Discussion: Distractons in Our Environment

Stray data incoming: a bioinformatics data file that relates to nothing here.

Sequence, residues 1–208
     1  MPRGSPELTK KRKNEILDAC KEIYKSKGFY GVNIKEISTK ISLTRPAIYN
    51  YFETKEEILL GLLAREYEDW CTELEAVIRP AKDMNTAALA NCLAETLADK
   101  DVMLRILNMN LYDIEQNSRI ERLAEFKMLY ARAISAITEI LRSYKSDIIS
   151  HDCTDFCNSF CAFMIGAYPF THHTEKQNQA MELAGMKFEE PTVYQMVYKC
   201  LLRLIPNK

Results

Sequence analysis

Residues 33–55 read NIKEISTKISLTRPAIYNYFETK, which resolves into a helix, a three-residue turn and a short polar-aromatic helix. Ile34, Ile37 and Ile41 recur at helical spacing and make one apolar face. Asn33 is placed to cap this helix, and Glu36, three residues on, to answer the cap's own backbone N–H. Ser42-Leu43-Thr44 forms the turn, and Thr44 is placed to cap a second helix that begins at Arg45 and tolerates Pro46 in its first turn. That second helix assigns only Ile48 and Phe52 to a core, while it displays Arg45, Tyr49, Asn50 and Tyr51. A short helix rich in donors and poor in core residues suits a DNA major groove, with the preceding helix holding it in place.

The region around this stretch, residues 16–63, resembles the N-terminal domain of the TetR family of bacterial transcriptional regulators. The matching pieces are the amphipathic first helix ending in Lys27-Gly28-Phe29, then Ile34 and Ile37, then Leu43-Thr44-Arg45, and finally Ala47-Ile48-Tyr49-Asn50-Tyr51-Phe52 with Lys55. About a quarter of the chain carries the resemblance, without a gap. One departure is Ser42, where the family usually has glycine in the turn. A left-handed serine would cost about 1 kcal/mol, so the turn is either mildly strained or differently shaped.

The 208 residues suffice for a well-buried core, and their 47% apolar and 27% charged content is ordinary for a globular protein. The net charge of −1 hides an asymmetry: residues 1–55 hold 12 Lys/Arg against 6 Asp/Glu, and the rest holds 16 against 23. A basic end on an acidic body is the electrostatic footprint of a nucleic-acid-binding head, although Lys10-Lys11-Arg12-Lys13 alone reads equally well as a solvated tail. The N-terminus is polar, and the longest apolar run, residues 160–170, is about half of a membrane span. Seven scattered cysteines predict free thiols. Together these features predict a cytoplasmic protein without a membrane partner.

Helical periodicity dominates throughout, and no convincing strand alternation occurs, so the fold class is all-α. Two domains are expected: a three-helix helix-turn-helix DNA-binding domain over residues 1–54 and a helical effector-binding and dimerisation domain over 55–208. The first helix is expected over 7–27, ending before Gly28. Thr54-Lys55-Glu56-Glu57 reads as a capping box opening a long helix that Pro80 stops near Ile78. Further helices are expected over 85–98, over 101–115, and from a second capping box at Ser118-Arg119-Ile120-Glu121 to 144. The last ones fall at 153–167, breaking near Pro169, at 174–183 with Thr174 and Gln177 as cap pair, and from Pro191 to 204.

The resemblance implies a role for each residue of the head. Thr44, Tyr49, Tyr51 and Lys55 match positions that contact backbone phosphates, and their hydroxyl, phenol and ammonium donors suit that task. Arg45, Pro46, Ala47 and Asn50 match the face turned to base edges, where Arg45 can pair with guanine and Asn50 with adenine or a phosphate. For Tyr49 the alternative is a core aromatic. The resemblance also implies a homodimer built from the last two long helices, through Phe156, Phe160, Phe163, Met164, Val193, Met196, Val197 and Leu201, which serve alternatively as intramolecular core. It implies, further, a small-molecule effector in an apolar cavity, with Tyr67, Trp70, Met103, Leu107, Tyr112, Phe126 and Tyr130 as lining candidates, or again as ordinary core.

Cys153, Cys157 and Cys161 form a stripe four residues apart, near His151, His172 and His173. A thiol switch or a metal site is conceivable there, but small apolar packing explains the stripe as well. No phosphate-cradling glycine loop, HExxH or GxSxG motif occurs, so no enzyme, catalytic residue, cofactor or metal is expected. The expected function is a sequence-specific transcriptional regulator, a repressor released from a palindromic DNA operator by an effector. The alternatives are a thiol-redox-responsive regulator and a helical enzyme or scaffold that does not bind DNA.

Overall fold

Discussion: Distractons in Our Environment ORDER NOW FOR CUSTOMIZED AND ORIGINAL ESSAY PAPERS ON Discussion: Distractons in Our Environment Please see reading assignment, required articles and writing assignment. The assignment due date will be will be due on October 13th, 2018 by 11:59 est. Discussion: Distractons in Our Environment reading_assignment.png week_6_assignment.png required_article.pdf required_article.pdf week_6_required_article.docx required_article.pdf Colum ns and D e p a rtm e n ts HTM NEWS & VIEWS Patient Safety and Healthcare Technology Management Salim Kai and Alan Lipschultz patient safety efforts within their healthcare The 1999 Institute of Medicine (IOM) report, organization. The authors seek to enable these To Err is Human: Building a Safer Health A la n Lipschultz, HTM departments that are not actively System concluded that between 44,000 and CCE, PE.CSP, involved in patient safety efforts to gain the 98,000 people die each year in U.S. hospitals is p resident knowledge and tools to use as leverage in order from preventable medical errors.1 More o f H ealthcare Technology to increase their patient safety involvement. recent evidence-based estimates2 state that C onsulting LLC in Historically many HTM departments have over 400,000 people die each year from N orth Bethesda, been limited to the types of healthcare preventable medical errors— more than four M D. E-mail: [email protected] hctc.pro times the original IOM estimates. Preventing technology that they maintain. The universe Salim Kai, MS-PSL, of healthcare technology is much greater harm to patients while providing their care CBET, is a clinical and includes technology such as patient continues to be a complex and costly under­ engineer w ith implants and disposable medical devices. taking for any hospital or healthcare system. the University o f HTM departments should The need to reduce M ichigan Health “think big” and consider medical errors has gained System in A n n Patient safety is a all types of healthcare national, as well as Arbor, M l. E-mail: healthcare discipline [email protected] med. umich. edu technology in relation to international, attention, aimed at researching, this article. Even if not and has affected many thoroughly knowledgeable studying, and preventing stakeholders in the field of about these technologies, medicine such as health­ medical errors using HTM professionals are care organizations, evidence based methods. usually analytical and healthcare professionals, “gadget oriented.” Discussion: Distractons in Our Environment There­ manufacturers, and the fore, in many instances, federal government, as they should be able to help tackle a myriad well as nongovernmental organizations such of safety issues from a technical standpoint. as The Joint Commission and the Leapfrog Group. The IOM outlined specific strategies W hat is Patient Safety? and recommendations to promote safer delivery of care, with a clear call for change Patient safety is a healthcare discipline aimed throughout the whole healthcare system.3 at researching, studying, and preventing Healthcare Technology Management (HTM) medical errors using evidence based meth­ professionals are a crucial part of that system ods. It is intended to promote safer care and because many patient safety issues involve minimize medical errors. Many can be technology. Unfortunately many HTM prevented. Activities by patient safety profes­ professionals are not actively involved in sionals, including those with patient A b ou t the Authors ? 60 B io m e d ic a l I n s t r u m e n t a t io n & T e c h n o lo g y January/February 2015 Columns and Departments backgrounds, can help reduce medical errors and prevent accidental injury. What is a Culture of Safety? A culture affects the outcome and the quality of care of patients. Culture in healthcare is defined as a set of “beliefs, shared values, norms, assumptions, attitudes, roles, and practices”4’5 shared by professionals with a “similarity of approach, outlook and priori­ ties .” 5 A culture also is how an organization responds when things go bad or when opportunities are encountered .Discussion: Distractons in Our Environment 6 In a culture of safety, “values [are] shared among organization members about what is important, their beliefs about how things operate in the organization ,” 7 and their interaction “with work unit and organiza­ tional structures and systems, which together produce behavioral norms in the organiza­ tion that promote safety.” 7 HTM professionals would do well to learn about their organization’s patient safety efforts, included in the mission, vision and values. Most healthcare organizations have statements issued by top leadership about patient safety initiatives. The HTM department should not only be aware of these statements, but also which teams have an active responsibility to set and accomplish patient safety goals. If none of the organization’s patient safety goals include healthcare technology as an important element, perhaps HTM can help develop such goals. In doing so, the HTM depart­ ment or team should seek to align its vision with that of the institution. Risk Management The risk management group at your facility should have a good working relationship with HTM. Risk management is normally the primary recipient for close calls or adverse event reports and, therefore, it is the group that can make sure HTM is notified in a timely manner of pertinent adverse events. Alternatively, there can be direct reporting to the HTM or clinical engineering department. This helps ensure that devices are sequestered and disposables are retained for evaluation. There are times when HTM is the first department to suspect that there is a problem with a medical device that may affect patient safety. There are other times when clinicians send devices to HTM for “repair” and HTM realizes that there was a device-related or near-miss event (DRE or NME). In either situation, risk management and HTM should have an agreement as to when and how HTM should notify risk management. There will be instances when HTM should not attempt a repair or even test the medical device in question without authorization from risk management. The risk management group at your facility should have a good working relationship with HTM. Discussion: Distractons in Our Environment GLOSSARY A d v e rs e P a tie n t E v e n t (APE): A n u n a n tic ip a te d e v e n t t h a t causes h a rm t o a p a tie n t a ris in g fr o m a n y a spect o f h e a lth c a re m a n a g e m e n t. Device R elated E ve nt (DRE): A n APE t h a t involves a m edical device o r devices. M e d ic a l D evice: As d e fin e d by th e FDA, “a n in s tru m e n t, a p p a ra tu s, im p le m e n t, m ach in e , c o n triv a n c e , im p la n t, in v itr o re a g e n t, o r o th e r s im ila r o r re la te d a rtic le , in c lu d in g a c o m p o n e n t p a rt, o r accessory w h ic h is re c o g n iz e d in th e o ffic ia l N a tio n a l F orm ulary, o r th e U n ite d States P h arm a ­ co p o e ia , o r a n y s u p p le m e n t t o th e m ; in te n d e d f o r use in th e d ia g n o sis o f disease o r o th e r c o n d itio n s , o r in th e cure, m itig a tio n , tre a tm e n t, o r p re v e n tio n o f disease, in m an o r o th e r anim a ls; o r in te n d e d t o a ffe c t th e s tru c tu re o r any fu n c tio n o f th e b o d y o f m an o r o th e r a nim a ls, a nd w h ic h does n o t achieve a n y o f its p rim a ry in te n d e d purposes th ro u g h chem ical a c tio n w ith in o r on th e b o d y o f m an o r o th e r a n im a ls and w h ic h is n o t d e p e n d e n t u p o n b e in g m e ta b o liz e d f o r th e a c h ie v e m e n t o f a n y o f its p rim a ry in te n d e d p u rp o se s.” (Author’s note: The defin itio n o f medical device is much broader than w hat HTM groups typically deal with. I have deliberately used this broad d efinition because HTM groups should be aware of, and possibly involved in, a ll APEs th a t involve medical devices, even i f the HTM group is n o t norm ally responsible fo r those devices.) N e a r-M iss E v e n t (N M E ): As d e fin e d b y C hang e ta l, e ve n ts t h a t are ” s u ffic ie n tly c le a r p re cursors o f adverse e ve n ts t o p o in t th e w a y to id e n tific a tio n o f sp e cific in d iv id u a l a n d systems fa ilu re s .” N ear-m iss e ven ts a re m u ch m o re c o m m o n th a n APE a n d th u s re p re s e n t a m u ch g re a te r o p p o r tu n ity f o r o rg a n iz a tio n s t o im p ro v e s a fe ty b y p re v e n tin g fu tu r e events. (A uthor’s n o te : TJC defines a sim ilar term, “close call,” as “any process variation th a t d id n o t a ffe ct an outcome b u t fo r which a recur­ rence carries a significant chance o f a serious adverse outcom e.”) S e rio u s In ju ry : As d e fin e d b y th e FDA, “a n in ju ry o r illness t h a t is life th re a te n in g , resu lts in p e rm a n e n t im p a irm e n t o f a b o d ily fu n c tio n , o r p e rm a n e n t d a m a g e t o a b o d y s tru c tu re , o r n ecessitates m e d ica l o r s u rg ic a l in te r v e n tio n t o p re c lu d e p e rm a n e n t d a m a g e o r im p a ir m e n t.” Biomedical Instrumentation & Technology January/February 2015 61 Colum ns and D e p a rtm e n ts HTM and Risk Management also should have a clear process for making sure that DRE and NME are reported to the manufac­ turer and/or the U.S. Food and Drug Administration (FDA) in accordance with the Safe Medical Devices Act. Discussion: Distractons in Our Environment In many organizations, the role of risk management (and often HTM) is reactive; there is one or more adverse events and there is a reaction to prevent future events. Instead of being reactive, it is better to proactively address patient safety to prevent adverse events before they happen. Indeed, TJC requires performing a number of failure modes and effects analyses (FMEA) every year or two. Patient Safety Officer In many organizations, the patient safety officer is the leader of the patient safety committee. HTM should strive to maintain a good relationship with the patient safety officer. HTM should have a seat on the Patient Safety Committee. The outreach to the patient safety officer must be thought out carefully. The executive manager over HTM should be involved. It is very helpful to have an example from the past when HTM “discovered” a serious problem with a medical device with significant implications for patient safety. The HTM representative to the Patient Safety Commit­ tee must be qualified and an active contributor to the committee. The effective tag and sequester process coupled with an effective electronic reporting system gives an organization the ability to provide a safer environment for patients, staff, and visitors. Define active involvement Active involvement refers to the HTM department being part of the hospital’s continuous quality improvement team to solve problems involving clinical technology used in patient care.8 HTM professionals should continue to seek ways to increase their patient safety involvement within the organization. A need for a technology content expert who can share insights about specific medical device use often exists. This involvement extends 62 beyond the traditional duties of performing preventive maintenance, corrective mainte­ nance, and incoming equipment inspections. This is an opportunity for HTM profes­ sionals to become leaders in patient safety within their healthcare organizations by partnering with other disciplines. Active involvement involves reviewing safety reports submitted by staff involving clinical and information technologies, medical equip­ ment, and disposable products • Adverse event reviews: Participate in adverse event reviews using established tools such as root cause analysis (RCA), which is typically used after an adverse event or near miss to drill down to the most important cause of the event, and FMEA, which is a proactive tool to discover risks and means to control them. It may also be used after an event or near miss to look at strategies to prevent future events. • Safe Medical Devices Act Committee: Participate in interdisciplinary committee specifically aimed at solving patient safety issues with medical equipment and products where some are reported to MedSun/FDA. This engages the manufac­ turer of the device to take a closer look at the clinical user device experience and whether some improvements are required. Tag and sequester A tag and sequester program is a coordi­ nated system to capture devices involved in safety events to be sequestered, analyzed, and to provide recommendations to staff on best practices.Discussion: Distractons in Our Environment The effective tag and sequester process, coupled with an effective electronic reporting system, gives an organization the ability to provide a safer environment for patients, staff, and visitors. Medical devices, single use, and reusable products involved in a patient safety event are tagged and sequestered to prevent further use of the medical device on any patient. The tagging and sequestering of the devices ensures the institution has the opportunity to: • Investigate the medical device and perform a root cause analysis • Notify appropriate agencies, as applicable • Provide corrective action as appropriate to avoid future incidents B io m e d ic a l I n s t r u m e n t a t io n & T e c h n o lo g y January/February 2015 Colum ns and D e p a rtm e n ts • Determine if the equipment is safe, and if safe, to release the equipment for patient use In an organization where safety is valued as a system priority, the use of a patient safety reporting system is one method to Gathering Data In an organization where safety is valued as a system priority, the use of a patient safety reporting system is one method to analyze events and errors, thereby improving safety. From a system perspective, reporting is important because it offers the organization an opportunity to learn about its vulnerabili­ ties. When data are collected, analyzed, and used as learning tools to improve existing processes, future problems can be mini­ mized and prevented. A well-designed, web-based electronic reporting system is the ideal method to capture a snapshot or brief summary of a safety event that took place. The report structure should be simple enough to be completed in a few minutes, and the reporter should have the option to report anony­ mously if she or he so chooses. The reporting system should include incentives to promote voluntary reporting in the quest to collect data about the organization and its culture. The reporting system should actively encour­ age staff to capture close calls, as well as adverse events. 9,10 If your organization does not have an electronic reporting system for capturing these events, you might want to find out about efforts to acquire such a system. Without such a system, it can be very difficult to gather significant data about patient safety mishaps. analyze events and errors, thereby improving safety. Does H TM get automatic notification? If HTM is not currently getting copies of electronic reports involving medical devices at the time they are generated, it is important to seek out the system administrator and get added to the distribution list. Timely notifica­ tion of an event is important so that follow-up can also be timely. Discussion: Distractons in Our Environment There will be times when a device involved in a patient event has been simply sent to HTM for a routine “repair,” when what is needed is a more in-depth probe into the failure before the device is fixed. Other times, HTM will want to speak directly to the person filling out the report, because of a significant patient safety impact, or sometimes HTM will want to chase down the disposables associated with the event, not just the elec­ tronic medical equipment. All of the situations mentioned are significantly hampered if HTM only finds out about these electronic reports days after the event was filed. Do reports contain a question about technology? Another benefit of a reporting system is the ability to provide information to manufactur­ ers and/or the FDA and effect changes in policies and procedures throughout the organization. The reporting system should have a medical device section where device information is logged in so that it can be retrieved later. The device section should include fields to first identify the type of device, capture electronic medical equipment serial and model number, or determine a product’s catalog or lot number. Another important consideration is for the technology event to be categorized for risk and probability of occurrence. Preventing harm to patients while providing their care continues to be a complex and costly undertaking for any hospital or healthcare system. B io m ed ical In s tr u m e n ta tio n & T e c h n o lo g y January/February 2015 63 Columns and Departments Does H T M follow up on event reports? In an organization where patient safety is prioritized and HTM professionals are valued for their technical expertise, they are included as content expert reviewers of safety notices so that they can weigh in on best strategies to solve technology-related problems. An automated notification is generated and sent to the HTM depart­ m ent’s inbox for timely review. Clinical engineers team up with biomed technicians to analyze the event and provide recommen­ dations for process improvements. Discussion: Distractons in Our Environment Does H T M have the knowledge/resources to make an im pact? HTM groups that desire a more active role in patient safety within their organization must do an honest self-assessment of their capa­ bilities and resources. Without the proper staff qualifications or adequate resources, the HTM department will not be able to take on more responsibility and add value to the institution’s overall patient safety initiatives. The HTM department must employ an articulate (verbally HTM groups that desire a more and written) member with a good working knowledge of active role in patient safety within patient safety issues, physiol­ their organization must do an ogy, and common medical honest self-assessment of their terminology. These skills and capabilities and resources. knowledge are essential to communicate effectively with both clinicians and administration about patient safety matters. Few clinicians really understand the physical principles behind the medical devices they use. This is due, in part, to a lack of including it in the training curriculum for clinicians. Many HTM professionals have historically been oriented toward repairing medical technology without necessarily understanding the physical principles behind the device theory and design. It may be an oversimplification, but this is typically a “technician” mindset. Even if they do under­ There is an unmet need, and an opportunity for HTM professionals to make a much larger impact on patient safety. 64 stand, HTM professionals may not be able to explain those principles to someone who is not technically inclined (i.e. a clinician or administrator). There are also times when a medical device operates exactly as designed, but the design is faulty or did not anticipate the manner in which the device is used in the real world. An HTM professional with an engineering training typically has received additional training on physical and design principles. Of course, there are technicians who think like an engineer and have picked up engineering principles without formal coursework. This sort of engineering expertise is extremely valuable to being an active member of the patient safety team. Discussion: Distractons in Our Environment Those who have been trained as clinical engineers have the added advantage of receiving formal training in patient safety issues, physiology and common medical terminology. To achieve meaningful impact on patient safety, the HTM department must also have the resources to devote to patient safety. Without these resources, the most qualified HTM professional will drown in the basic day-to-day HTM world of managing inven­ tory and scheduled maintenance and corrective maintenance activities. If the HTM department, along with senior management above HTM, believes that there is an unmet need for HTM participation in patient safety activities, it would do well to assess the skills and added resources needed. 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